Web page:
Based in the heart of Brunswick, Victoria, Record Paradise is home to one of the biggest pre-loved and new vinyl collections in Melbourne. As the name suggests, Record Paradise is an exotic space where music lovers can escape and spin their favourite tunes. Co-owner Renae Maxwell chats with Mixdown about her most memorable encounters at Record Paradise, and reflects on the importance of community in the music scene.
How long have you been running Record Paradise? And how long has it been around for?
The store was established in 1955. Warren [Warburton] established the Record Store at 100 Chapel Street in St Kilda and that was during the transition of 78 records to LP records. He actually closed down that store and reopened it in the 90s. We took over in 2008, so it has been about 8 years now. From being a second-hand record store that was selling a few new CDs, we are now probably about 50/50 with new vinyl.
What is the most prized record in your collection?
The first record that I ever bought was a Boy George 7”. I remember going to Sun ower Records and buying a Boy George 7”, but I can’t remember which one. It might have been Karma Chameleon or something; I would have been about 13. The most prized record in my collection is a Rowland S. Howard Teenage Snuff Film that a dealer sold to me – he was actually a bookseller and Rowland used to buy books or trade records for books – and he had a couple of copies that Rowland had signed and he sold that to me.
Tell us about the most interesting encounter you have had in the store.
Things happen all of the time. People drop records off, so I guess a few stars drop in all of the time. I had Mikey Young [Eddy Current Suppression Ring and Total Control] lying down on the ground fixing a turntable with a soldering gun. To me that was a moment I would never forget. It was pretty comical and funny.
Joshua Homme once came in, that was pretty exciting! He filmed an episode of Rage here in the shop. He was great, a bit like a superhero... he had this glow to him. People like Marlon Williams have played here and just sung like an Angel. I remember it was an industry showcase with about 60 people here, and normally it is pretty chatty and everyone has a couple of drinks, and [his voice] just silenced the room.
How important do you think the idea of community is to record stores? And how important is you community of customers to you?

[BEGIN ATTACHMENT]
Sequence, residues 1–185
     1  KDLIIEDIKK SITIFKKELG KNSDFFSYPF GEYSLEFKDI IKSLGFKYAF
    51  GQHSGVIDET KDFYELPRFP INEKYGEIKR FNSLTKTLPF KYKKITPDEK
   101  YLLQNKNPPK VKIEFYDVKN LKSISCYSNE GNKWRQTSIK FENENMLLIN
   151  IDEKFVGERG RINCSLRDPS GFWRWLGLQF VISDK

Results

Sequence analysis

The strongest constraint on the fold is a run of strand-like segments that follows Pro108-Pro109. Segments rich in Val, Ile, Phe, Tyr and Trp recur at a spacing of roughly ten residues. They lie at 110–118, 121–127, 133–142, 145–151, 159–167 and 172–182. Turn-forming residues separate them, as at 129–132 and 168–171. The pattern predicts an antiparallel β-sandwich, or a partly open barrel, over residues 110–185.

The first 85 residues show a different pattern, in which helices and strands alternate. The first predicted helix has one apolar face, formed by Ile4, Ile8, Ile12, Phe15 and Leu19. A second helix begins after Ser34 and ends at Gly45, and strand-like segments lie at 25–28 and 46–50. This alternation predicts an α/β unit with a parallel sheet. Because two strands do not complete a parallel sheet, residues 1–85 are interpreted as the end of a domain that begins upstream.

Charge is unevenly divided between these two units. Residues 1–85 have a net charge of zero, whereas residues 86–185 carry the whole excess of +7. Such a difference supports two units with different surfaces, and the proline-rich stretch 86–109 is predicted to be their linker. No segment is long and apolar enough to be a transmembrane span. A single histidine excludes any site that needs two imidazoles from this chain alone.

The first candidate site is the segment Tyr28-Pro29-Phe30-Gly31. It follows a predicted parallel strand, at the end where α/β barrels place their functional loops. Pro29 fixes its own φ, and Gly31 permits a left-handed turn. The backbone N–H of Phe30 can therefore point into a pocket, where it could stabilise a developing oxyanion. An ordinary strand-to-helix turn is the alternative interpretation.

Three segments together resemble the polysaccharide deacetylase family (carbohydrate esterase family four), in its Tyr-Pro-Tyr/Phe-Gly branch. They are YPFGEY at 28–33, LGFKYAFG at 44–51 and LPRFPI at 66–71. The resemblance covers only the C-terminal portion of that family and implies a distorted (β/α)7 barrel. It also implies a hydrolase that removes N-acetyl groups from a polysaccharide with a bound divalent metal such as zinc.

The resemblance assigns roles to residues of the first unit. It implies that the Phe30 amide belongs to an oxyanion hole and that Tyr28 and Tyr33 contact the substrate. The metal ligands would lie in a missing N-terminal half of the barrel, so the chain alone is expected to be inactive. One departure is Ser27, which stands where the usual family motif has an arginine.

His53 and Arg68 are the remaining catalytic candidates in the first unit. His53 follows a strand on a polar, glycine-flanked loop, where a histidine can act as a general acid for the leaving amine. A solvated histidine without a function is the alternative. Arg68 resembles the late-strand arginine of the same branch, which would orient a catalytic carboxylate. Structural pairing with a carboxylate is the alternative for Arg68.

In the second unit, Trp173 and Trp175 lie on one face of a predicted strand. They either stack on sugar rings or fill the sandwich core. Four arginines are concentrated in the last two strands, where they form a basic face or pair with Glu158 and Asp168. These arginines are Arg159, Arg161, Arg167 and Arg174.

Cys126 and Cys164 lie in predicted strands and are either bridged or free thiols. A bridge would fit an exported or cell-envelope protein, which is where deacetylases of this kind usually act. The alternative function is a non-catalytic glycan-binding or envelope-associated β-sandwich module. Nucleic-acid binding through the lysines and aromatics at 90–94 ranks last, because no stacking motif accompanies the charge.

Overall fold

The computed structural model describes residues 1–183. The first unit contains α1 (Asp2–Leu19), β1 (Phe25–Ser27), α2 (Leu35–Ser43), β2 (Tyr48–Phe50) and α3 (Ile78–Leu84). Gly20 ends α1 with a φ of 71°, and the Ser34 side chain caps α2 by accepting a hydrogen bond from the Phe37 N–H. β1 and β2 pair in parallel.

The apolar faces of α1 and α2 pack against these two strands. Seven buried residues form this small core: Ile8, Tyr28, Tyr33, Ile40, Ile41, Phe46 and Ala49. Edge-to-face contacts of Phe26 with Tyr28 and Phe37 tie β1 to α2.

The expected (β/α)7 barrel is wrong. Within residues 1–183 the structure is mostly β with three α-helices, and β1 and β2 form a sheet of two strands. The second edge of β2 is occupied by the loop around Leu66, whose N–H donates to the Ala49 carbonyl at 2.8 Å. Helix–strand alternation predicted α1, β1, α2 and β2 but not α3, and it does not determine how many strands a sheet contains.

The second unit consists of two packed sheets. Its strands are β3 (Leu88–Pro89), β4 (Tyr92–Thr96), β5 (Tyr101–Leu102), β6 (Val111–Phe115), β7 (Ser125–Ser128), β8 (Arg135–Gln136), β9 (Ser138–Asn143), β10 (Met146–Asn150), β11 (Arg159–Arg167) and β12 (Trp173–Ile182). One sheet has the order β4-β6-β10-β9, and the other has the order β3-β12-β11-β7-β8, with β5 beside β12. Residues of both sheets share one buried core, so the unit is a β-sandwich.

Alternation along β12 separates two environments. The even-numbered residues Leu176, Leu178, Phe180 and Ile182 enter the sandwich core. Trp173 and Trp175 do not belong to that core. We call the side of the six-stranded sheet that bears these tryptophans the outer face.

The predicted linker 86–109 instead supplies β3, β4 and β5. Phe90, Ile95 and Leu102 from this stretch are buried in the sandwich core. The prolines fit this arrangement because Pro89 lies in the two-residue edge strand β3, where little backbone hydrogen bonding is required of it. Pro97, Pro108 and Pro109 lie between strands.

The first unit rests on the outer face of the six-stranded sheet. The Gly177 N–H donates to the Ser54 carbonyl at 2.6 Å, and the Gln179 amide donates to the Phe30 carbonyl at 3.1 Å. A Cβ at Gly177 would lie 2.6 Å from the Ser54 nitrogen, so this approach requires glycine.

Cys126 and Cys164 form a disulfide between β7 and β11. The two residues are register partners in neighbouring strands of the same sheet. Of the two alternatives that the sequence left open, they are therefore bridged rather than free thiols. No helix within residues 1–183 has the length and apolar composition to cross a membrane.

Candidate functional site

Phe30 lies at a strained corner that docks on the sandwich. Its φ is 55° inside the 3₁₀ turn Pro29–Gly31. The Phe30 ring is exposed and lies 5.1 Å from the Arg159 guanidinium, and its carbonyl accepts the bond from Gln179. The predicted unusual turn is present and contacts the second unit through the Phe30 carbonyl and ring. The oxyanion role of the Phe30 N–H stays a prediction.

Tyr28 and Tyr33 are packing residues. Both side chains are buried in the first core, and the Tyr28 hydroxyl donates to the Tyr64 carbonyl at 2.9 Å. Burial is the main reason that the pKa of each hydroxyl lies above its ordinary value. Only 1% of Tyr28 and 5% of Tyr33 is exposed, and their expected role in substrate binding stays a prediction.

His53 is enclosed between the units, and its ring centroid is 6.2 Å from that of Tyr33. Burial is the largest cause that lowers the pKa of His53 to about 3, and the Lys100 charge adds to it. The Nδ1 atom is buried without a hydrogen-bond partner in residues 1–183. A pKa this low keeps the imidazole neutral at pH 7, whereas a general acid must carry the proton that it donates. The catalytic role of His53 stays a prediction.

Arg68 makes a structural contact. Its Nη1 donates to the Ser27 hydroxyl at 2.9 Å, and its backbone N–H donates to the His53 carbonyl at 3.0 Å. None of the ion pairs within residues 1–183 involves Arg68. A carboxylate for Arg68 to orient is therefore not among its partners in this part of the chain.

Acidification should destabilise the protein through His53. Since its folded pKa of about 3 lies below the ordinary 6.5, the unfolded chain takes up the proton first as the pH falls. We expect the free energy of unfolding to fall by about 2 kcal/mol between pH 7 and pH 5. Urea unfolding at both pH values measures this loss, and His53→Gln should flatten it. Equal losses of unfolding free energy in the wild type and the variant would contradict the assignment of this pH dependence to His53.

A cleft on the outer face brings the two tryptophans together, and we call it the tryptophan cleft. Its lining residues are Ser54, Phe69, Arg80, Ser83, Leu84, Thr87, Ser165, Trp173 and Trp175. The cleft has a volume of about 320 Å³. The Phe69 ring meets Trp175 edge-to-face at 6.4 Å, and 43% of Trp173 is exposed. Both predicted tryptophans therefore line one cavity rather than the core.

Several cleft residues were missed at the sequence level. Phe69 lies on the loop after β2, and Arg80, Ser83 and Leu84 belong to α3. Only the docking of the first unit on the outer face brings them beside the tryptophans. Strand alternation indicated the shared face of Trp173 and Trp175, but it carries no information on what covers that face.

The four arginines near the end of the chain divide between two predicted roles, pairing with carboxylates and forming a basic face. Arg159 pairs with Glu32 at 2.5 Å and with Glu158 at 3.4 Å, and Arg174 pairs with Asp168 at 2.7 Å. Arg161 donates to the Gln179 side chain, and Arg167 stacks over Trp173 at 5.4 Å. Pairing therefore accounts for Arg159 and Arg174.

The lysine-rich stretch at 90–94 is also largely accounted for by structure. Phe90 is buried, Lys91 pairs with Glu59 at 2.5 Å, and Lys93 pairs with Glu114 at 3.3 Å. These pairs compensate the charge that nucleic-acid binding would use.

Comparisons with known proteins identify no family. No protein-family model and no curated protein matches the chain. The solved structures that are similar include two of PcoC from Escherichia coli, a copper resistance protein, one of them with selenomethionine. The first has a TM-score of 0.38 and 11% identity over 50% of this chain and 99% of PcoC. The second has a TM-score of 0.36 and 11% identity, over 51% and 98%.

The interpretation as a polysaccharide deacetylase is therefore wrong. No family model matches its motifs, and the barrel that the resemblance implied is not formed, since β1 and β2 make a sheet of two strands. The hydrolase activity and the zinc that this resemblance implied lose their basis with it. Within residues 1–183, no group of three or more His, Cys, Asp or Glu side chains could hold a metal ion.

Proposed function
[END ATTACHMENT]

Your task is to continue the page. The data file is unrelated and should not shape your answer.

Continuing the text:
I gravitated towards this because mine, and my partner’s life has been surrounded by music. It’s how we express ourselves. It’s where we choose to spend the money we earn. Fortunately enough we have been able to combine our business with what we our passionate about.
We both do community radio, and have so for 15 years, and for us it is an important part of connecting. Even though doing a graveyard shift, your isolated from other people, there is this connection to people who are into the same thing as you. I guess I have always felt this isolation and connection at the same time, and use my love for music as a way to be able to break that down a little bit. It might sound weird because I’m in a room full of strangers, and somehow I’m feeling really connected.
The store, however as accidental as the name was, it is this sort of exotic space that we can go to where we are allowed to connect with art and literature through a different means as apposed to writing. I rely totally on people coming into the shop. I connect with people who drop records off. I don’t read press releases. I pick up on the influences from the people I talk to. For me, I feel like there are a lot of people like me, and this why this place can exist. It’s why I will dedicate my life to making sure spaces like this aren’t located only in a virtual realm.
You stock Audio-Technica turntables. What is it that you like about them, and why do you stock Audio-Technica?
When we first took over the store from Warren, he was a person who supplied styli and did some minor turntables repairs. He passed on some of the sacred knowledge to me. From that, Audio-Technica has always stood out as a good, solid brand; consistently producing quality styli over the years.
They released the LP120 about five years back, and that was recommended to us by one of the styli suppliers because we do community radio and some DJing, in fact the layout is virtually the same as the Technics 1200. It’s got USB, it can play 78s – which is important for us – and it is easy for us to get replacement cartridges for. Something that concerns me is the lower end turntables that use cartridges and needles that are sub-standard and can damage your records, and I wouldn’t recommend that. Audio-Technica is a brand we trust, and we have had our listening desks for 5 years now and it’s still going strong.